#01541
William Craig And Bold Manone (Peacock)
See also: Pirate Song (MacEdward Leach)

Our ship was a ship, so fine a ship
A ship as ever swung,
With forty-four bright seamen
And forty-three brave guns.

Away we sailèd east and west,
We sailed all over the main
Until we spied a lofty ship
To the windward of us came.

Came bearing down upon us
As she ranged up 'long side.
Bold Manone with his speaking trumpet,
"Where are you from?" he cried.

"Our ship is a ship from New York,
For Liverpool town is bound,
Our captain's name is William Craig,
A native of that town."

"You lie, you lie," said Manone,
"Such things can never be,
So lower your topsails on your caps
And come in under my lee."

Those poor and frightened sailors,
Not knowing what to do,
They lowered their topsails on their caps
And rounded their ship to.

To see those cruel pirates,
Their naked swords in hand,
They rushed on board of our merchant ship,
They cut up every man.

Where some they stabbed, some more they stained,
Some more they cut their throats;
And four of our bright seamen
Got perished in a boat.

He called down to his bo's'n
Whose name was William Craig,
"Oh, Craig, oh, Craig, come down below
And break your father's neck."

Oh, Craig he hastened upon the floor
Like a man of courage bold;
But when he saw his father's face
His very blood ran cold.

"Oh, are you going to murder me?"
Those words to him he said;
And with a naked sword in hand
He soon chopped off his head.

They searched our frame right fore and aft
And ransacked everything,
Until they found a virgin
In the starboard of his cabin.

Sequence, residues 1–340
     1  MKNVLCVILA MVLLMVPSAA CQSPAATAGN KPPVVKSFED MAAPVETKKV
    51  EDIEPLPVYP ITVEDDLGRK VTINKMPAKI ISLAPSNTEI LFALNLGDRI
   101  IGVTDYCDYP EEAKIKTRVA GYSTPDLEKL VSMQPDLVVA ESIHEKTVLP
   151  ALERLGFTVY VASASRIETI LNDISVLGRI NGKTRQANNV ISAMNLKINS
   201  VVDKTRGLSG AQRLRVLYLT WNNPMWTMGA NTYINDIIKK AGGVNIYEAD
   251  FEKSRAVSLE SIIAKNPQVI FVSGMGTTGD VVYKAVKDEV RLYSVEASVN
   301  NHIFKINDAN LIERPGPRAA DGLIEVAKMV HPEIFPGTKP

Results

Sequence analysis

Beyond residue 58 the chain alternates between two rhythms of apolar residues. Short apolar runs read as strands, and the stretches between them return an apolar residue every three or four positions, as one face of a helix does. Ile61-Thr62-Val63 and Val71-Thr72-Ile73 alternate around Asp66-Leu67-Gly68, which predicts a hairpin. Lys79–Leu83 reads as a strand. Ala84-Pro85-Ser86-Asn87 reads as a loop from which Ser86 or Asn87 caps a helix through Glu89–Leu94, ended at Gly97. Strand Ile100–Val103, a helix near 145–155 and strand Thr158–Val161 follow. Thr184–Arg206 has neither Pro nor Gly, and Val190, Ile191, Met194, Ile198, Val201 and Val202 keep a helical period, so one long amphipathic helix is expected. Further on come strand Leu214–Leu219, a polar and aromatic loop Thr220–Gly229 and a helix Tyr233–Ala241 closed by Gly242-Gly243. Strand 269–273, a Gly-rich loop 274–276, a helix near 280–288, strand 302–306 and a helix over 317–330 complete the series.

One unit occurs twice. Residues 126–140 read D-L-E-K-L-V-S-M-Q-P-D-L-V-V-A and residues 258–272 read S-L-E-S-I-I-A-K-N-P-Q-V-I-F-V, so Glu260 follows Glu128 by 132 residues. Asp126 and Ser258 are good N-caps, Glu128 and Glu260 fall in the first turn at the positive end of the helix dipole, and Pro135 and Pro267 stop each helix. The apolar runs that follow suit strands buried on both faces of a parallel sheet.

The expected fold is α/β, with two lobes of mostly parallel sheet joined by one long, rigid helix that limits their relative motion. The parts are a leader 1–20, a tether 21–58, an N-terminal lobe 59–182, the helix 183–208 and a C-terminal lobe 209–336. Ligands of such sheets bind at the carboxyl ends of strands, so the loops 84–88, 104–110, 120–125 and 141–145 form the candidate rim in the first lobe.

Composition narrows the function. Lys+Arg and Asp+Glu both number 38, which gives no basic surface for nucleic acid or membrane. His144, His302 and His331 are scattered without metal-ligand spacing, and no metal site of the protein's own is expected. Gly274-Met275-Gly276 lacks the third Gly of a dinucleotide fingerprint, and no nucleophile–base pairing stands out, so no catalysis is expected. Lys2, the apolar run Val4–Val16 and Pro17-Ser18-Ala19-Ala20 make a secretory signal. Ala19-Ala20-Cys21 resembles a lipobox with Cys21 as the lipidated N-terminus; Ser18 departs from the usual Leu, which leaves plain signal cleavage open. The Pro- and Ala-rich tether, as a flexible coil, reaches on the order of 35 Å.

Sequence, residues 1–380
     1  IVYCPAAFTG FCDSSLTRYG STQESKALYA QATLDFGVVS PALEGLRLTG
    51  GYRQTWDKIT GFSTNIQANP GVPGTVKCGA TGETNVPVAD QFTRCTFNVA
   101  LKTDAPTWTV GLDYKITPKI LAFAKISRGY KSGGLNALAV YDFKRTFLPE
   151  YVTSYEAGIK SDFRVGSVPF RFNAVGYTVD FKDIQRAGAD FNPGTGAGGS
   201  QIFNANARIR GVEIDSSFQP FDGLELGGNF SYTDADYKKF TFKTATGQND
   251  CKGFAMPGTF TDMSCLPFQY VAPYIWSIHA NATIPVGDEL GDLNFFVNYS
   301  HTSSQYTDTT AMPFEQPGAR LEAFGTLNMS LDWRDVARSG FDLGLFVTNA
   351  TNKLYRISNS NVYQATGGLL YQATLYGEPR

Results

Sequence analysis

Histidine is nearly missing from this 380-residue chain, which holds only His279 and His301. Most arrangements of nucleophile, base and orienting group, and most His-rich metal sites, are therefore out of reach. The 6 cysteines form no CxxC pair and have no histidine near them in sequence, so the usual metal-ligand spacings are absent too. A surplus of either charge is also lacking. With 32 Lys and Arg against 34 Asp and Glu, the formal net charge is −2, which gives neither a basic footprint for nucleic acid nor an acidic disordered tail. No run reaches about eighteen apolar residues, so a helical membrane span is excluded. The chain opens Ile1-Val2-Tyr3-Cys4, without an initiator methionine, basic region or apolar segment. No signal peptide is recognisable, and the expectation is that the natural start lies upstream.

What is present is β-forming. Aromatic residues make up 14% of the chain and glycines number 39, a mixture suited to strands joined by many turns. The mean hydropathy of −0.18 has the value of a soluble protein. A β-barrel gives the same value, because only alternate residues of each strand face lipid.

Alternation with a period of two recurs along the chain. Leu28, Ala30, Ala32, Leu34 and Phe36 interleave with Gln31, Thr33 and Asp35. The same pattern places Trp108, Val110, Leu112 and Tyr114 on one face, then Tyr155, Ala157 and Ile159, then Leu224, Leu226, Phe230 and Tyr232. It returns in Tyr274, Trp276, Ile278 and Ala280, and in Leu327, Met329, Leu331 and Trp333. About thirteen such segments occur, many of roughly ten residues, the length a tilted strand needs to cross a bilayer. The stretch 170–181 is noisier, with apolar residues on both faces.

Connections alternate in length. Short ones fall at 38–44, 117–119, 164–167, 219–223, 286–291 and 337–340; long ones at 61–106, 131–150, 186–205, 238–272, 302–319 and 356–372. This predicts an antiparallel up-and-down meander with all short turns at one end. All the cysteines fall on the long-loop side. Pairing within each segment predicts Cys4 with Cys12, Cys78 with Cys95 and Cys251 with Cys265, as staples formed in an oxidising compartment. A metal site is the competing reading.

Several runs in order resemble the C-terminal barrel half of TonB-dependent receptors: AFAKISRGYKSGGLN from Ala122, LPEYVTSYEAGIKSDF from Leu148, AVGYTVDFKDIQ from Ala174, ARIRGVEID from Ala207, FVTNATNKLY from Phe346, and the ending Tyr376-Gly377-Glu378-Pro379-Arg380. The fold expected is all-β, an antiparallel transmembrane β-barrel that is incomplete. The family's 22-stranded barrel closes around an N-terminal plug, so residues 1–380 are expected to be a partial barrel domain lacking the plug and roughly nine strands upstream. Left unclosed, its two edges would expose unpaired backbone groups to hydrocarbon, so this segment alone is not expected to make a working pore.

So merrily she played on her harp,
So merrily she sung,
Knowing nothing of that murder
Or anything that was done.

Oh, some did stand, some more did swear,
Some said they'd have her for a wife;
"God damn your eyes, I'll let you know
I soon will end all strife."

He rushed down to this virgin
Without any fear or dread,
And with a naked sword in hand
He soon cut off her head.

They rushed on board of their own ship,
So merrily they cracked on,
With a keg of brandy on the capstan head
So merrily they sung.

Away they sailed all that long night
And a part of the next day,
Until they saw a lofty ship
To the windward of them lay.

Come bearing down upon us
As she ranged up 'long side;
Bold Manone with his speaking trumpet,
"Where are you from?" he cried.

Our captain being a surly man,
On the quarterdeck walked he,
Not heeding for to answer him
But still stared out to sea.

It caused bold Manone to scratch his head
And tear his hair in vain,
Saying, "Damn your eyes, I'll let you know
It's I who rule the main."

Our stout and heavy vessel
Lay open to the deep,
Hauled up her painted canvas,
Showed him five rows of teeth.

Oh, broadside for broadside
So merrily they cracked on,
And then those cruel pirates
Began for to come down.

"No quarter, no quarter,"
Bold Manone he did cry.
"No quarter, no quarter,"
Bold Rodney did reply.

"Fight on, fight on, my heroes bold,
You'll gain five thousand pounds;
We'll send those cruel pirates
To hell where they are bound!"

####.... Author unknown. Variant of an American broadside ballad, Bold Manan The Pirate [Laws D15] Native American Balladry (G Malcolm Laws, 1950/1964) ....####

Collected by Kenneth Peacock in 1959 from George William Decker [1878-1962] of Rocky Harbour, NL, and published in Songs Of The Newfoundland Outports, Volume 3, pp.848-851, by the National Museum of Canada (1965) Crown Copyrights Reserved.

A variant was collected by MacEdward Leach in 1951 from Mrs Thomas (Anastasia Ryan) Ghaney [1883-1959] of Fermeuse, NL, and published as Pirate Song in MacEdward Leach And The Songs Of Atlantic Canada © 2004 Memorial University of Newfoundland Folklore and Language Archive (MUNFLA).


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